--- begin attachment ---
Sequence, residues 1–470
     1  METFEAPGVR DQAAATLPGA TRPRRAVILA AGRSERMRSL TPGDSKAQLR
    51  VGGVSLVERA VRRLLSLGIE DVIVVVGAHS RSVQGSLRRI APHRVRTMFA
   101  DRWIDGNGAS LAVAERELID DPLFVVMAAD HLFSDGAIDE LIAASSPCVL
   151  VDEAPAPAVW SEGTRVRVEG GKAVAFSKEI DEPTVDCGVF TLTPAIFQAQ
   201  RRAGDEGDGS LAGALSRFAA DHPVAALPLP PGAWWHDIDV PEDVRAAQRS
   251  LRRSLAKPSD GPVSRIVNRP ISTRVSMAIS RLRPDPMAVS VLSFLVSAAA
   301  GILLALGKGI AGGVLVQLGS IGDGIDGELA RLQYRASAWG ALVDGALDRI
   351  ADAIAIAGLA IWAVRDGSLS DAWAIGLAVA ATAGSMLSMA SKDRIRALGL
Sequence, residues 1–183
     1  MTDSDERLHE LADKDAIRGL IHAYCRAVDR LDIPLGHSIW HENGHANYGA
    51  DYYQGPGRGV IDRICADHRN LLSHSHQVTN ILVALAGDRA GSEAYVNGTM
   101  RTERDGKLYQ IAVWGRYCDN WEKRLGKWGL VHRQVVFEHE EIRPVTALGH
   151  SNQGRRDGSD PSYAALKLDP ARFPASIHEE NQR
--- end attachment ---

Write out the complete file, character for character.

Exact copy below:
Sequence, residues 1–470
     1  METFEAPGVR DQAAATLPGA TRPRRAVILA AGRSERMRSL TPGDSKAQLR
    51  VGGVSLVERA VRRLLSLGIE DVIVVVGAHS RSVQGSLRRI APHRVRTMFA
   101  DRWIDGNGAS LAVAERELID DPLFVVMAAD HLFSDGAIDE LIAASSPCVL
   151  VDEAPAPAVW SEGTRVRVEG GKAVAFSKEI DEPTVDCGVF TLTPAIFQAQ
   201  RRAGDEGDGS LAGALSRFAA DHPVAALPLP PGAWWHDIDV PEDVRAAQRS
   251  LRRSLAKPSD GPVSRIVNRP ISTRVSMAIS RLRPDPMAVS VLSFLVSAAA
   301  GILLALGKGI AGGVLVQLGS IGDGIDGELA RLQYRASAWG ALVDGALDRI
   351  ADAIAIAGLA IWAVRDGSLS DAWAIGLAVA ATAGSMLSMA SKDRIRALGL
Sequence, residues 1–183
     1  MTDSDERLHE LADKDAIRGL IHAYCRAVDR LDIPLGHSIW HENGHANYGA
    51  DYYQGPGRGV IDRICADHRN LLSHSHQVTN ILVALAGDRA GSEAYVNGTM
   101  RTERDGKLYQ IAVWGRYCDN WEKRLGKWGL VHRQVVFEHE EIRPVTALGH
   151  SNQGRRDGSD PSYAALKLDP ARFPASIHEE NQR